As the code turns

Microsoft and Sun have faced off once again in a war of words that only a code-cutting propellerhead...

When Microsoft and Sun signed a landmark legal settlement and technical cooperation--capped by Sun CEO Scott McNealy and Microsoft CEO Steve Ballmer swapping hockey jersey gifts on stage--the two companies were supposed to cut the trash talk. Maybe some of the technical folks didnÂ’t get the memo.

The two companies have faced off once again in a war of words that only a code-cutting propeller-head could truly appreciate. At stake is who can write a faster Web service--a Java or .Net programmer.

It all started in June when Sun posted the results of a benchmark it published on the programmer Web site, The ServerSide.Net. It measured the performance and response time of the same application written to run on either Java-based Web servers or a Windows .Net server. And surprise! The tests "confirm the superior Web services performance of J2EE (Java 2 Enterprise Edition) technology," according to Sun.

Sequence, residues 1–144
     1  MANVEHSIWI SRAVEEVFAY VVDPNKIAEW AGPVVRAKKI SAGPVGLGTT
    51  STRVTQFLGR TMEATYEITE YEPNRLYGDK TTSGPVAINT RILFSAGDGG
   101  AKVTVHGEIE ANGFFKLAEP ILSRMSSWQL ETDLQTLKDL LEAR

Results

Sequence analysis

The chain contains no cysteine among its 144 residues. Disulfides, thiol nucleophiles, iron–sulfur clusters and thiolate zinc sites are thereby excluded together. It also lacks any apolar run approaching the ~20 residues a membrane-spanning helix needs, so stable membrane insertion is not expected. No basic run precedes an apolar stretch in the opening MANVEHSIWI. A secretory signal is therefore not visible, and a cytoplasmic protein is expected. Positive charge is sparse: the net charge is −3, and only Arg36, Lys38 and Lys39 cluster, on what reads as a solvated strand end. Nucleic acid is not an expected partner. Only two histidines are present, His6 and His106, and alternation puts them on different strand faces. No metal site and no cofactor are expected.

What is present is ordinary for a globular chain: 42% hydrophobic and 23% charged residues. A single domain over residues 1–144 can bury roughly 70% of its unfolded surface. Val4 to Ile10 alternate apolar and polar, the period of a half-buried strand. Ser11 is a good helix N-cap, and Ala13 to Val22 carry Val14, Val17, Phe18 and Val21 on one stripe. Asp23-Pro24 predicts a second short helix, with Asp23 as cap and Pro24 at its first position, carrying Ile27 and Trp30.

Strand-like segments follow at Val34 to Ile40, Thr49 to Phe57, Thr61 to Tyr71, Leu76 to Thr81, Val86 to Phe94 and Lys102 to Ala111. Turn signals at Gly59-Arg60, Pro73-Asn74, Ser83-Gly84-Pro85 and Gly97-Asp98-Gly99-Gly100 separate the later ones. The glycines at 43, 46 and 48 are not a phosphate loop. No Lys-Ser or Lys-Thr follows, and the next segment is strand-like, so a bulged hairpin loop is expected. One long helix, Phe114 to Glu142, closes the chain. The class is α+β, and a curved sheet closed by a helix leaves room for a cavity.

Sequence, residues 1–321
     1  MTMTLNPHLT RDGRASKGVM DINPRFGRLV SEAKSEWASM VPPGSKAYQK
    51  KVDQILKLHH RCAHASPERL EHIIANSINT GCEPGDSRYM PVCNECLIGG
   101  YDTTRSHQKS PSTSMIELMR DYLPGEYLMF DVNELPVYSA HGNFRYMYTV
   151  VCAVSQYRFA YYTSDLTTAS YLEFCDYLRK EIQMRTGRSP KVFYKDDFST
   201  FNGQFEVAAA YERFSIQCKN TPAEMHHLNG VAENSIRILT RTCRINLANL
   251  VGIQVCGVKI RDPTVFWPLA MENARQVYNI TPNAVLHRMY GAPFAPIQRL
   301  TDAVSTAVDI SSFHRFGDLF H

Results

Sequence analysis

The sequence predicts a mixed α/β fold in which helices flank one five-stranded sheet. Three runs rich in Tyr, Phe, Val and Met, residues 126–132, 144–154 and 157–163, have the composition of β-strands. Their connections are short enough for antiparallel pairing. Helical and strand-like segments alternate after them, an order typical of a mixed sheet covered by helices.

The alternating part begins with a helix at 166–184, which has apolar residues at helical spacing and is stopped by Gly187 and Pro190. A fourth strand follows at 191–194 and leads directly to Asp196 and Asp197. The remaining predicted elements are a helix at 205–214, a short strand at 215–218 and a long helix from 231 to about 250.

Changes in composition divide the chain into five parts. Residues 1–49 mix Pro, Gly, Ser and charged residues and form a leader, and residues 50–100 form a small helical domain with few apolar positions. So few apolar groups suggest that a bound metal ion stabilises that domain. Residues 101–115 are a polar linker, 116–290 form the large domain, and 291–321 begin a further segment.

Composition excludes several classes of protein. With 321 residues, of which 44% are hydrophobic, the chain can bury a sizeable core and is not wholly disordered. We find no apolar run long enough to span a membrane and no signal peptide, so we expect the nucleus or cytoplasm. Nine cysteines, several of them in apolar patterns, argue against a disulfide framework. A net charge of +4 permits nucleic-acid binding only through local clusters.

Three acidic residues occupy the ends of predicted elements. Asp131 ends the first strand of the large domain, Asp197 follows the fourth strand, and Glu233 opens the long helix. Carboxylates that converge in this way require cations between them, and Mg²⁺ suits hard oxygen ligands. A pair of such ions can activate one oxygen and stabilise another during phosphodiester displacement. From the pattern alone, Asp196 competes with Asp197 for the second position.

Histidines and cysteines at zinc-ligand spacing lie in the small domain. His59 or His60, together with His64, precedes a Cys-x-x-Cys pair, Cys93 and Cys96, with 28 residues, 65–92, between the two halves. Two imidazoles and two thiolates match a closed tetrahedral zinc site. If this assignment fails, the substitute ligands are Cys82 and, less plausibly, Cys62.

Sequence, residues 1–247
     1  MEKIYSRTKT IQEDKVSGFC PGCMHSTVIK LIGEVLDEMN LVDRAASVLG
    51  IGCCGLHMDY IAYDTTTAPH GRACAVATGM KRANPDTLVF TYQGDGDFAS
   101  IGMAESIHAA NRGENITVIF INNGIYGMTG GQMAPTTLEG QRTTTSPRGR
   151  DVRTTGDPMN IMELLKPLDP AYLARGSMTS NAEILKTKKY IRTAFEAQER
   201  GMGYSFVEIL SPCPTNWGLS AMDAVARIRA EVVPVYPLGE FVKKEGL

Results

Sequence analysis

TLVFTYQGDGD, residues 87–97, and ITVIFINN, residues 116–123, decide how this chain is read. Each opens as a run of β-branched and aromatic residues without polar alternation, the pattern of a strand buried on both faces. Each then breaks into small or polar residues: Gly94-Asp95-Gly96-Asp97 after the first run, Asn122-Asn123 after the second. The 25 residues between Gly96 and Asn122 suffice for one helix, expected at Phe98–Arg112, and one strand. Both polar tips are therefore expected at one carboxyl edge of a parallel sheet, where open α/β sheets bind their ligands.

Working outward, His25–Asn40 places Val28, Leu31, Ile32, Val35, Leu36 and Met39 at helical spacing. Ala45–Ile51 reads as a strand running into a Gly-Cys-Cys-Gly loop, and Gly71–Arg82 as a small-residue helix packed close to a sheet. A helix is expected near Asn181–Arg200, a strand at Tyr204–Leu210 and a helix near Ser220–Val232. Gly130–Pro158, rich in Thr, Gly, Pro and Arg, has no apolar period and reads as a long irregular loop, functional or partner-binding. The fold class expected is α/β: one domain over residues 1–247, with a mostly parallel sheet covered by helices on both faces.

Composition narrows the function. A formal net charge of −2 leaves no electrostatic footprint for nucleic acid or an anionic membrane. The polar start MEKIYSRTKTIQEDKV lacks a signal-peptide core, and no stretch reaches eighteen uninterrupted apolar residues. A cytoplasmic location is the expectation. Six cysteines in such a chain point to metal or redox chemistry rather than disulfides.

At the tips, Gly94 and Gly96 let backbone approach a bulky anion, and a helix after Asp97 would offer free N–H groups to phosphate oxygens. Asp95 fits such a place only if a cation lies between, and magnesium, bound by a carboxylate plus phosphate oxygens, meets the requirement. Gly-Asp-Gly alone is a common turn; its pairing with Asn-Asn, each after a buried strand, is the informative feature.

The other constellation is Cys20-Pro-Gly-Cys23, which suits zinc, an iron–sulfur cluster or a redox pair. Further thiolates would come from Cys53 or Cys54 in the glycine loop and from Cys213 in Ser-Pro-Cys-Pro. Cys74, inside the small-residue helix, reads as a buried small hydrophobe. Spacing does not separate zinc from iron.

That apparently didn't sit well with Sun's newfound technical partners in Redmond. In July, Microsoft issued its response. The conclusion? Microsoft replicated the test and found that the same .Net application running on nearly identical servers perform "two or three times better than Sun reported." In its paper, Microsoft's technical people managed to get a few digs in at Sun engineers as well, noting that the original test was overly simplistic and that the Windows tuning that Sun did was "completely unnecessary."

But wait, there's more! On Tuesday, Sun responded to Microsoft's response. After addressing a few nuanced technical points, Dennis MacNeil, Sun's senior product marketing manager for Java 2 Platform, Enterprise Edition, throws down the gauntlet, challenging Microsoft to get a third-party organization to run its own benchmarks.

Stay tuned for future installments...

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